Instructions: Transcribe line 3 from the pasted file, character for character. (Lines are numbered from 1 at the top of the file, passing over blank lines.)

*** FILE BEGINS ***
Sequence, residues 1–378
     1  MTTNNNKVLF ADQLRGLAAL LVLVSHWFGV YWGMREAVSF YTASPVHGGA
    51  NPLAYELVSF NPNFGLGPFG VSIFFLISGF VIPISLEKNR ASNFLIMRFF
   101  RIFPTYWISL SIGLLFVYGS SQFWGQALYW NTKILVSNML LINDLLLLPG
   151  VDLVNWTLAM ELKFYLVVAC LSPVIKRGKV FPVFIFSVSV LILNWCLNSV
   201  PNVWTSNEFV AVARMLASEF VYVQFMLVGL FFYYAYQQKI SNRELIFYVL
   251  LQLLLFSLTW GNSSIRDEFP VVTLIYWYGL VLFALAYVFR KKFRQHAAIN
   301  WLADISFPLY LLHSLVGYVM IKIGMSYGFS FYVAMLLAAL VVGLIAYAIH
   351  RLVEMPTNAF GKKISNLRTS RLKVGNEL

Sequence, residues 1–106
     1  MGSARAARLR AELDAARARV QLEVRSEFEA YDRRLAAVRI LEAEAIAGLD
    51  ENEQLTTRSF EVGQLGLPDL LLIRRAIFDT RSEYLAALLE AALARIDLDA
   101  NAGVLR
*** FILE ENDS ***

    51  NPLAYELVSF NPNFGLGPFG VSIFFLISGF VIPISLEKNR ASNFLIMRFF